Changing speed in the Editor


Changing speed in the Editor

Overall

During actual development, we were surprised to learn that SetErgonomicMode did not work as we expected. Using SetErgonomicMode does not provide a consistent resistance experience to all users. When we first implemented it, we thought that it was an added resistance. However, we discovered through practice that it’s the required output from the person pedaling. This means that if a person is pedaling slowly and putting out say, 25 watts of power and you set the resistance to 100 watts then they will experience a severe spike in how difficult it is to pedal. Alternatively, if they’re already pedaling at a fast clip and outputting 75 watts of power and you set the resistance to 100 watts then they barely notice an increase in load. We did not come up with a solution for this one. One choice might be to look at using Slope mode, or to sample their current output in watts when they approach a hill and make the hills additive, not absolute.

The CompuTrainer SDK will not provide a speed in KM/H unless a cadence sensor is plugged in. The cadence sensor doesn’t have to report valid values (ie: be properly attached to the bike), it simply has to be plugged in. When the CompuTrainer is running in standalone mode (ie: not connected to a computer) it reports the speed in KM/H both when the cadence sensor is plugged in, and when it is not. This indicates it is most likely a bug with their Windows SDK – we reached out to them but did not hear back about it.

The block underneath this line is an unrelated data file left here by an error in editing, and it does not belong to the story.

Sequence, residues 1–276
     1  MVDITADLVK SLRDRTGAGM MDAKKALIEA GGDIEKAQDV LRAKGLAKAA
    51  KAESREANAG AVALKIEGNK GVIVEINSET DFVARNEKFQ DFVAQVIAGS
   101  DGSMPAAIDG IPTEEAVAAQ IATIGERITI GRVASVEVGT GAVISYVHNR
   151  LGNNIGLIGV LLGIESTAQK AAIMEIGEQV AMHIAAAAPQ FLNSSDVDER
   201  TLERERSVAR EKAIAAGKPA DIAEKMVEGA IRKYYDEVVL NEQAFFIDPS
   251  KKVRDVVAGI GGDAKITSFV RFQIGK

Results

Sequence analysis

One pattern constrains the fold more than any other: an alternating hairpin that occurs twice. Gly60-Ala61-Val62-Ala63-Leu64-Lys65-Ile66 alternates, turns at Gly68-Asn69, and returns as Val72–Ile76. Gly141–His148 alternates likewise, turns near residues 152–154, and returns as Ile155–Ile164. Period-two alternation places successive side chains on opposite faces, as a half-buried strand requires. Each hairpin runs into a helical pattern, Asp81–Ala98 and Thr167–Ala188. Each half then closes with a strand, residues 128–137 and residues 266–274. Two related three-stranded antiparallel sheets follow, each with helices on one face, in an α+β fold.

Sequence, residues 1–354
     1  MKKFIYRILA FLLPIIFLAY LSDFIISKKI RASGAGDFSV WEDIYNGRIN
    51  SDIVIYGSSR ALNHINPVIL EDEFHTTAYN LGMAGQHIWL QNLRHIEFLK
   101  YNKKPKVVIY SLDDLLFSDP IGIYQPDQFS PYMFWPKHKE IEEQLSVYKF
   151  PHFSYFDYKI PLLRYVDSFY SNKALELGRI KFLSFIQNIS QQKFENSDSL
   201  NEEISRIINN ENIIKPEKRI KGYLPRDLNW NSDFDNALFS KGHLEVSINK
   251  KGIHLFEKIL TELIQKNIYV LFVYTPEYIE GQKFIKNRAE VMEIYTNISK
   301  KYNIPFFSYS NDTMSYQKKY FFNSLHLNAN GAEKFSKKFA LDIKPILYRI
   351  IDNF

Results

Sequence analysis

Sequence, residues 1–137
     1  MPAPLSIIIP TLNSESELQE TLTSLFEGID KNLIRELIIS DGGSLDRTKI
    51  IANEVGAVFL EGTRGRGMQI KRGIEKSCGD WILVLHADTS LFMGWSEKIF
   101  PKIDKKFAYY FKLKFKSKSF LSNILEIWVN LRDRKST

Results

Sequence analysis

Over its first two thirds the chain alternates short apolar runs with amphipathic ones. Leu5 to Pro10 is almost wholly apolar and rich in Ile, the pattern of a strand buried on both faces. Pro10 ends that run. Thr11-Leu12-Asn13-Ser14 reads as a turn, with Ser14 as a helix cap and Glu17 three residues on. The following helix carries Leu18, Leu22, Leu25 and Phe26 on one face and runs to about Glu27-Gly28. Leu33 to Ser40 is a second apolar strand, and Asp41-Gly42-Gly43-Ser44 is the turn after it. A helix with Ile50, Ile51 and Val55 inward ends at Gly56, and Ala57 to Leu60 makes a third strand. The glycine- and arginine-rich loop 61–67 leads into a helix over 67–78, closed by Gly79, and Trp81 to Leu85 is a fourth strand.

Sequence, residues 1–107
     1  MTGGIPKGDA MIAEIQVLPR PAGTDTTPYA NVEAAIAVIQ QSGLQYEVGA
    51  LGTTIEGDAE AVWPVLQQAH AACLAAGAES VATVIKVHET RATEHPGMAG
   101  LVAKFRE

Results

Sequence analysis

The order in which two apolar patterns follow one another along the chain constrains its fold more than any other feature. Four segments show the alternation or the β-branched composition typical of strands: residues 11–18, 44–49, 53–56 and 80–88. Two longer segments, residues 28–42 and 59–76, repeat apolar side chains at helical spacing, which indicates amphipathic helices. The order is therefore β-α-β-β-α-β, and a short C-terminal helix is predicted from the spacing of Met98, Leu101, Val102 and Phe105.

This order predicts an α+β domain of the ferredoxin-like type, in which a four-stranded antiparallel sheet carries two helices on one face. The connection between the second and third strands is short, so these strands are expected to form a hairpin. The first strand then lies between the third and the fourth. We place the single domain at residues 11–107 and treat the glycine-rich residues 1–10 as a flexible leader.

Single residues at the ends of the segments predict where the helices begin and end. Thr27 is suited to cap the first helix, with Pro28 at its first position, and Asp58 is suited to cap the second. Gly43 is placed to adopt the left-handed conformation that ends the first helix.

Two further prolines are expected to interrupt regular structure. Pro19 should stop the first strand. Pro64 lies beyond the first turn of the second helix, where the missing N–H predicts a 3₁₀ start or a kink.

The code for CompuTrainer Module is available on the Helios Github. Included in the repo are instructions on how to integrate the CompuTrainer SDK files (dlls, lib, and .h), as well as instructions on how to integrate the Module into UE4. As a word of warning, we did not expose all functions of the CompuTrainer SDK. There were a couple more that we didn’t have any use for, so we skipped them! If you need access to them, they should be fairly easy to wrap based on looking at the existing implementation. Simply use an #if guard around the actual code and provide a stub that returns similar for when it’s running in the editor.